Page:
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'They've Put Batons Instead Of Books In The Hands Of People's Children'


Basij militia schoolboys take part in a rally outside the former U.S. Embassy in Tehran in a file photo from November 2010.

Basij militia schoolboys take part in a rally outside the former U.S. Embassy in Tehran in a file photo from November 2010.

The following are excerpts from the account, obtained by RFE/RL, of a 25-year-old female student in Tehran of the scattered protests that took place in Tehran on February 20.

The opposition had called for the rally to mark a week since the deaths of two students in February 14 clashes between opposition protesters and security forces in Tehran.

Around 3 p.m., two friends and I started walking from Haft-e Tiro Square toward Vali Asr square. Basij forces and [riot police] were everywhere. Their number was increasing as we got closer to Enghelab square. Around Enghelab Square, Basij forces had occupied all the sidewalks; they were looking at us with hatred and mocking us. Some of them were filming the crowd with their video cameras. One of them said to the others, "Look at them, they think we're stupid and we don't know they came here for the demonstration. All of them should get killed." I looked at him. Another one said, "Move! What are you looking at?" I saw on the other side a special forces van where 13- or 14-year-old kids were picking up their batons or cables. One of them said something and the other laughed. My friend said, "They're training killers."

We reached Vali Asr square; it was full of people who were on the move. They were trying to reach out to each other through their eyes. They would smile at each other and ask quietly: "Do you know where is more crowded?" They seemed to be walking without fear of Basij or security forces. They were standing in the smaller streets and telling each other to stay together to be able to form a crowd. They said we shouldn't chant slogans until the crowd gets bigger because [the security forces] would disperse us. Slowly the special guards were telling the shops around the square to close. Wherever the crowd would gather, the Basij and security forces would disperse them with their batons. There were many people. Basij and security forces would beat us. We were trying to remain calm and not escape.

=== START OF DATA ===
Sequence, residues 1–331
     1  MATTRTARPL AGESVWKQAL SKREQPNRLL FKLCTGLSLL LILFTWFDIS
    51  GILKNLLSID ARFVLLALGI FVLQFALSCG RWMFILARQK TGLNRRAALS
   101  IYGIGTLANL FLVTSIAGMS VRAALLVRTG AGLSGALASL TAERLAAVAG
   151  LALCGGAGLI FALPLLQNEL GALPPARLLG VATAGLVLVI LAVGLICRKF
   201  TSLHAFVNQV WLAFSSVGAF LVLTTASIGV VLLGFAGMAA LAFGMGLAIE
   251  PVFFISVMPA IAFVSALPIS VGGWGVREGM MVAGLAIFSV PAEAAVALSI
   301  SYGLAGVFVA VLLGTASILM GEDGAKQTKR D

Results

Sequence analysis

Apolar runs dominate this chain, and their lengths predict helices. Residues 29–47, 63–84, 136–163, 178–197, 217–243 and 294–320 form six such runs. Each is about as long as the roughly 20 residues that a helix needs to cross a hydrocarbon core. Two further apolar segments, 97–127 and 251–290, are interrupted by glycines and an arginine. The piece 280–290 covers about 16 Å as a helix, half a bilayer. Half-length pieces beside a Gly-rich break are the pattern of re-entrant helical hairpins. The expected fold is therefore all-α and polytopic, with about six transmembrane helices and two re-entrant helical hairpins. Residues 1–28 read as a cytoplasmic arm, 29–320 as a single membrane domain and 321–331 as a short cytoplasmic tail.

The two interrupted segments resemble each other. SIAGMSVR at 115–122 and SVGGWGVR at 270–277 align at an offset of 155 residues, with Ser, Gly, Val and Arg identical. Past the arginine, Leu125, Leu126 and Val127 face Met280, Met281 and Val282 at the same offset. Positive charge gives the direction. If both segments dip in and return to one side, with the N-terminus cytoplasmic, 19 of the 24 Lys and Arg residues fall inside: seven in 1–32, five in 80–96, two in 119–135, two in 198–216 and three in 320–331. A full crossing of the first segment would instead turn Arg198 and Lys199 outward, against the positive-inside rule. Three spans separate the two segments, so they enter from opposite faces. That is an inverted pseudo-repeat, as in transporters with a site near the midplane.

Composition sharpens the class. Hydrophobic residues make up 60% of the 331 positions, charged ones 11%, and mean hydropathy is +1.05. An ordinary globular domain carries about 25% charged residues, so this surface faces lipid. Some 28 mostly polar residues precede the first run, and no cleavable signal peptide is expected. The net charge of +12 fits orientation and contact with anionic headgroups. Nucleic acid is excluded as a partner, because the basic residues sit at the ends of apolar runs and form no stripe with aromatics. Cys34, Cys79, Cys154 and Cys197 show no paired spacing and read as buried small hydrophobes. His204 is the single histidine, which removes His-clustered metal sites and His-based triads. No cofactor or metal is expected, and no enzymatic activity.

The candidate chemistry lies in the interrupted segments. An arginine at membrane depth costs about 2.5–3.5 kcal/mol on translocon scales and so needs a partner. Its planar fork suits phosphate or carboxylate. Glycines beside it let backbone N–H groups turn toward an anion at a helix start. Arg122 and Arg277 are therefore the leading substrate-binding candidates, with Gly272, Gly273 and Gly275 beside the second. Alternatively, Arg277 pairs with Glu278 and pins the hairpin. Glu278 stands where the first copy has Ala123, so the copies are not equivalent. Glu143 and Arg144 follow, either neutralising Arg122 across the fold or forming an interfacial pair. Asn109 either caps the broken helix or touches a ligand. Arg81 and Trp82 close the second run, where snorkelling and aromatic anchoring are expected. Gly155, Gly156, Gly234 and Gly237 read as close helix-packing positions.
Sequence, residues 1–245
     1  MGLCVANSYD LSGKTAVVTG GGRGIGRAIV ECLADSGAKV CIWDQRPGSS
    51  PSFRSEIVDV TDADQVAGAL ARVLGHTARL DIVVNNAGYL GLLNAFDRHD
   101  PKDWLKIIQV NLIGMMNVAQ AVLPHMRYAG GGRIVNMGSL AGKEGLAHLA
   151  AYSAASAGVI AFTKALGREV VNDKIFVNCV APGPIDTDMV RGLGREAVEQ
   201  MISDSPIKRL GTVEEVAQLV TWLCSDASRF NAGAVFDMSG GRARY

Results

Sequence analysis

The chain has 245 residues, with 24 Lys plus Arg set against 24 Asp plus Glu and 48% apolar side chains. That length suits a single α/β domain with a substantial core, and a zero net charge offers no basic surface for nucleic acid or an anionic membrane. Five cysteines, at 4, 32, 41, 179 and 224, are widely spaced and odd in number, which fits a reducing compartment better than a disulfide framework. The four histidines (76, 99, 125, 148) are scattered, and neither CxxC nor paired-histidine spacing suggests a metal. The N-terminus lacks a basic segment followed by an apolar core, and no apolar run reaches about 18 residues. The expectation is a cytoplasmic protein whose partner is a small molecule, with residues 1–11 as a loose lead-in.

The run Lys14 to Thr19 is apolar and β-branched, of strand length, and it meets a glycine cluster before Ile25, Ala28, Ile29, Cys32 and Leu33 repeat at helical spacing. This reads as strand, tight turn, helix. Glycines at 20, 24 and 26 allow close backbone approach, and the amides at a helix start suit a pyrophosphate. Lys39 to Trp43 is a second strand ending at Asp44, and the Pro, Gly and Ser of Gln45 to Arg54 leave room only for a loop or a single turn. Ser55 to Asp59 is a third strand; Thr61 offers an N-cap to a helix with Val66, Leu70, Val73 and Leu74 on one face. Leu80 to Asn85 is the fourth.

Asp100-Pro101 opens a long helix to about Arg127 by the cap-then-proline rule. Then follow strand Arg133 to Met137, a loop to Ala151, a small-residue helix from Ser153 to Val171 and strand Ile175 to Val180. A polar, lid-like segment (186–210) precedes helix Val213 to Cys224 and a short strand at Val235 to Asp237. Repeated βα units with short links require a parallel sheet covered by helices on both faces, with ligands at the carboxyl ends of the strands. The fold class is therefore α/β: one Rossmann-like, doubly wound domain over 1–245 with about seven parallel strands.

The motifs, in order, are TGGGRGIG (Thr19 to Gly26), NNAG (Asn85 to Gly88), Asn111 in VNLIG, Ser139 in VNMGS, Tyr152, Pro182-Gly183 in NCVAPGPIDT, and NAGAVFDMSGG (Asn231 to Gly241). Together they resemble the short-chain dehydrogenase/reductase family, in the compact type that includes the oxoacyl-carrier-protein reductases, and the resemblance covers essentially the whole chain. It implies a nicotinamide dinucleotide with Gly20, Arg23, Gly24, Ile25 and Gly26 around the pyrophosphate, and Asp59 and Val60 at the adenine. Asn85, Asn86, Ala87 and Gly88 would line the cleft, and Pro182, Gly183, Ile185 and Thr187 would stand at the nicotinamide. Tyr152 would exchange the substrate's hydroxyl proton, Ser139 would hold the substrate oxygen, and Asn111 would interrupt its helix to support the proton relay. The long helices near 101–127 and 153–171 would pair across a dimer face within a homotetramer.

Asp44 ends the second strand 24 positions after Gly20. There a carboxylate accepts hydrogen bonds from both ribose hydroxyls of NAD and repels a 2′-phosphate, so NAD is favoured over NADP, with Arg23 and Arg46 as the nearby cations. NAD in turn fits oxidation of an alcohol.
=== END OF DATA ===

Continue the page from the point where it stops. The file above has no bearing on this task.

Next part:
It was around 4 p.m. We were sitting in the bus station. Several plainclothes agents came toward us and said: "Get up and go. Why are you sitting here? Go home. There is nothing here. You were told to come here for nothing." I said there's [a bench] here for people to sit on. One of them said: "You're sitting? I saw you going up and down. Do we really have to hit you on the head?" Another one of them said, "If I see you one more time around here, I will show you." We decided to move and took a taxi.

The taxi driver said: "You should be careful, you know what kind of people they are. They've made the nation miserable. They are so scared that they've deployed troops in every inch." We reached Shanzdah Azar, there was lots of traffic. The taxi driver didn't accept any money for the ride. He said, "This is the least I can do."

We were walking toward Enghelab square. The crowd had gotten bigger. We were all walking toward Azadi square. Enghelab street was full of old and young people. Security guards were everywhere. One lady said: "It's like they've come out to demonstrate, not us. Look how they've put batons instead of books in the hands of people's children."

We walked with the crowd toward Enghelad square. Those who were tired would sit for a while and then walk again. What struck me was the presence of many middle-aged men.

While crossing Jamalzadeh street, we saw Basij forces attacking a young man, putting handcuffs on him and forcing him to sit in the street between them. I saw how he looked at the crowd and laughed. One of the Basij forces hit him on the head and made him look down. We were upset because we couldn't do anything [for him]. They arrested another young man and pushed him toward the special guards. One of the plainclothes agents started slapping the young man in the face without [ any reason]. A woman went to him and said: "Are you human? Aren't you ashamed of yourself? Why are you bothering [this kid]?"

We were walking again when the special forces made a sign toward another young man so that he would get detained as well. It was as if they would arrest whoever they wanted to in the crowd. Maybe we are all about to get arrested. They would take away some people in the crowd and ask them to show their IDs.

It was getting dark and it was raining. The Basij forces were roaming in the streets on their motorbikes and screaming. We walked back toward Enghelab square to return home. Basij forces were also there and they were dispersing people. It was raining harder, we were walking home on Hafez street when I heard shooting and couldn't walk anymore. I looked, all around were Basijis. My friend was calling on us from the other side, telling us that she had a taxi and we should hurry up.

About This Blog

Persian Letters is a blog that offers a window into Iranian politics and society. Written primarily by Golnaz Esfandiari, Persian Letters brings you under-reported stories, insight and analysis, as well as guest Iranian bloggers -- from clerics, anarchists, feminists, Basij members, to bus drivers.

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